Things were stalemated when De Lacy got his big break. The smuggling steamers MICHIGAN and WILMINGTON were wrecked. The WILMINGTON losing a valuable shipment of both Chinese immigrants and opium. The syndicate refused to make good the costs of the lost shipment, and a Victoria wholesaler was left holding the bag to the tune of some $15,000, a sizable loss in the 1890s.
Canadian newsman Egan saw his opportunity. He convinced the unhappy Canadian exporter that De Lacy was a US government agent who could probably get back at least a part of his lost fortune for him if he cooperated in exposing the syndicate.
Exporter Tells All
The Canadian jumped at the bait. When De Lacy denied having any connection with the government, the smuggler merely attributed it to the natural reticence of an authentic secret service operative. He was thoroughly disgusted with smuggling as a profession, desired to clear his conscience, and he wouldn't take no for an answer.
Trying not to show his elation, De Lacy saw the case breaking wide open. The Canadian furnished him with a stack of letters, telegrams, and receipts from the smuggling syndicate, along with a copy of the key by which all of them could be deciphered.
It was all the proof he needed. Special officers were dispatched from WA, D.C. and when the HAYTIAN REPBULIC next entered port she was searched by inspectors who didn't have their eyes shut. Five hundred ounces of opium were found behind the canned foods stacked on the galley shelves.
Then the coded papers unearthed by De Lacy were published in The Ledger with the key by which they could be translated from the language of legitimate business to the parlance of thieves. Ledger readers had a wonderful time working out the smugglers code for themselves, the greatest scoop in West Coast journalistic history, and the criminal syndicate was finished.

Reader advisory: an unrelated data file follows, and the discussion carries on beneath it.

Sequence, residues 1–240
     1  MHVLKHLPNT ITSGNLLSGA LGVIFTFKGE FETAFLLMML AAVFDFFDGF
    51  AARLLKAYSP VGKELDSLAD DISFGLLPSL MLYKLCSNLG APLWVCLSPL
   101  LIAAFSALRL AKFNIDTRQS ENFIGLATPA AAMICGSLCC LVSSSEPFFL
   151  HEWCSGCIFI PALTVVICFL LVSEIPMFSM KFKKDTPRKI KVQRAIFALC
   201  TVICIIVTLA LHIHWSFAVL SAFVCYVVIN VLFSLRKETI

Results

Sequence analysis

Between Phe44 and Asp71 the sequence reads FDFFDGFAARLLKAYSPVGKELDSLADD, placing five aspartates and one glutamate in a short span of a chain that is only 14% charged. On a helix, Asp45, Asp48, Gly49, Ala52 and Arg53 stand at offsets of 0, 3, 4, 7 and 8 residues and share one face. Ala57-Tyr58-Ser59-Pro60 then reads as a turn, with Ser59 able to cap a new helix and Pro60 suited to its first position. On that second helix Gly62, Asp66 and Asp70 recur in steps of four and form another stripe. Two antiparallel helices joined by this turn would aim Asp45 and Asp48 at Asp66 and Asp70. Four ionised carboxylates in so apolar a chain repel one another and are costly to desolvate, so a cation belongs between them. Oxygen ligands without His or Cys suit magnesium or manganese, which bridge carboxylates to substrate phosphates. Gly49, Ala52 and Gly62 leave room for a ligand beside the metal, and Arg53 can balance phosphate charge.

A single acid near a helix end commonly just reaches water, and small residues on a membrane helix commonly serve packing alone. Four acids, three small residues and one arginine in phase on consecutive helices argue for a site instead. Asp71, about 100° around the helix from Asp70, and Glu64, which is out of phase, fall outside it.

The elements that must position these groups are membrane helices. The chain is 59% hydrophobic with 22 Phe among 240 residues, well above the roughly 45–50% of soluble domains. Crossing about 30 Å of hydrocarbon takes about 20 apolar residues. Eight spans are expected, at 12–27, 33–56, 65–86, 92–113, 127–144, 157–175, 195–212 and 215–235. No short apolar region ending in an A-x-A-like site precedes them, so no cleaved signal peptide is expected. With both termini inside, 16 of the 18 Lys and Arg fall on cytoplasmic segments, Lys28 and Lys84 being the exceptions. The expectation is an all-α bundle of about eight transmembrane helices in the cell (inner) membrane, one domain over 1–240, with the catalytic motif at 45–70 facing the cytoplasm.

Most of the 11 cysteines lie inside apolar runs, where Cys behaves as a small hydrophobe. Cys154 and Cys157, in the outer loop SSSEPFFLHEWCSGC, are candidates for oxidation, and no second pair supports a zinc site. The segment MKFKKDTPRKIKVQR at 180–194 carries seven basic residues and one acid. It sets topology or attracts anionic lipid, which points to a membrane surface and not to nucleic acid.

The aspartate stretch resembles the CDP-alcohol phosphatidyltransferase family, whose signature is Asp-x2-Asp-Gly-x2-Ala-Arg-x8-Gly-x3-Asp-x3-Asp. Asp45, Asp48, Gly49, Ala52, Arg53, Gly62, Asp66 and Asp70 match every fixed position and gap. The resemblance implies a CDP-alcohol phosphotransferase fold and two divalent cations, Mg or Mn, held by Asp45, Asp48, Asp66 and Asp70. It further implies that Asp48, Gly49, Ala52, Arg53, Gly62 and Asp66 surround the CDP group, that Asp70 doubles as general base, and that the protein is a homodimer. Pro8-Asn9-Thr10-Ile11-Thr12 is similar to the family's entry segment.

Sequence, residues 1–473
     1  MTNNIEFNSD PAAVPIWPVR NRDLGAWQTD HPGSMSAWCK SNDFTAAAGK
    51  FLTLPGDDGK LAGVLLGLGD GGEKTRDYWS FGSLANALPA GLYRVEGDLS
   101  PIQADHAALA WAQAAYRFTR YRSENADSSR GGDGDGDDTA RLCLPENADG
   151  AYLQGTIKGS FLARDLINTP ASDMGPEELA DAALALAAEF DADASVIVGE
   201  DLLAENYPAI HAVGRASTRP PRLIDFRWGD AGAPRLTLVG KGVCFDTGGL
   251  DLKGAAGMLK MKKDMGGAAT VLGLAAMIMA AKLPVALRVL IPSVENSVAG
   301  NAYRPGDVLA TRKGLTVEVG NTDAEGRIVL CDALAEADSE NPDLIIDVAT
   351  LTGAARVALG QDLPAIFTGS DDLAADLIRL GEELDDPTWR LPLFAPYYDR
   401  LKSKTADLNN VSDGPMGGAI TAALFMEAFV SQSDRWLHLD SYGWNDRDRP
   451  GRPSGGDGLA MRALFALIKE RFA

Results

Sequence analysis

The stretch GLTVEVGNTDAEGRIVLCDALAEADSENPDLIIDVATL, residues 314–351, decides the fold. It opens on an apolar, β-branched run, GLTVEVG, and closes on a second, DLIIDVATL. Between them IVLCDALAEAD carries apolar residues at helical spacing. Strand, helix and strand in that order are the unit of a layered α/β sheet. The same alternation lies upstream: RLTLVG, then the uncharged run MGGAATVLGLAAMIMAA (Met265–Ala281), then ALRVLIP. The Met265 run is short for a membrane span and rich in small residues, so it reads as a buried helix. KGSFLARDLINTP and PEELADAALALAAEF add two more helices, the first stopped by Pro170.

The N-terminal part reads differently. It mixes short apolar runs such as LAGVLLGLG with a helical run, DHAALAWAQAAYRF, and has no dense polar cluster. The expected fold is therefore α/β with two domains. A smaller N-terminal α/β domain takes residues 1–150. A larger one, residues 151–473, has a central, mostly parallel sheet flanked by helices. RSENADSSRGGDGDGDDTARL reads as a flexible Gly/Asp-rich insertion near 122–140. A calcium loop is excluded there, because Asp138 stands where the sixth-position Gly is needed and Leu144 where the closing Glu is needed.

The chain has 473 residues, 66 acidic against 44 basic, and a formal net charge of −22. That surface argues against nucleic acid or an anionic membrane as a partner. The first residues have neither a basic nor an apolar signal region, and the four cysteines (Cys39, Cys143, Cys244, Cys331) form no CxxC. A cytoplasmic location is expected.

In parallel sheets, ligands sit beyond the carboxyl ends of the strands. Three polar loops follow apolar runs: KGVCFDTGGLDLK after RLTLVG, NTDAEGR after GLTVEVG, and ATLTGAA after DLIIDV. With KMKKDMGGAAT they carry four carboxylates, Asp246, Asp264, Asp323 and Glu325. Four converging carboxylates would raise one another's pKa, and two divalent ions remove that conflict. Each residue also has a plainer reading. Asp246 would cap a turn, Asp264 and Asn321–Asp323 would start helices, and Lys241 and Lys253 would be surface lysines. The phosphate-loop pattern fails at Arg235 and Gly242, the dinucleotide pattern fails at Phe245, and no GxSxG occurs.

Some Fled the Country
The crooked secret service agent got a year in prison and a $5,000 fine, as did a number of ex-customs agents. Others arrested included the US collector of customs at Portland, along with 11 of his staff, the president of the Merchants' Steamship Co, and many of its stockholders. Others, tipped off in advance, boarded Orient-bound ships before warrants could be served on them. Nearly all of those arrested were convicted and sent to prison, while the US Customs Service underwent the greatest shake-up in its history.
Ironically, the honest cop, Coblentz, met as tragic a fate as any of the guilty. Appointed warden of the State prison at Walla Walla, he committed suicide when minor irregularities were found in the prison accounts. A man who had turned down dishonest thousands, becoming the victim of petty graft. The newsman, De Lacy, was appointed US deputy collector of customs at Tacoma, a position that he held for many years.
The old HAYTIAN REPUBLIC, seized and sold at auction by the government, became the famed Alaskan liner PORTLAND, bringing a ton of gold and a whole new era to the Puget Sound country. Years later her amazing past almost forgotten, she was carrying ore between Alaska and the Tacoma smelter until her final stranding at the Kalalla River mouth in 1910. So ended the adventurous career of a ship that proved again the truth of the ancient adage: Truth is stranger than fiction!
Above text by Gordon R. Newell. Smuggling Once a Big Business in Tacoma, published by Sunday Ledger-News Tribune. 21 Nov. 1954.
Part II with an update of wreck site field research submitted by Michael Burwell, 5 Mar. 2016, can be viewed here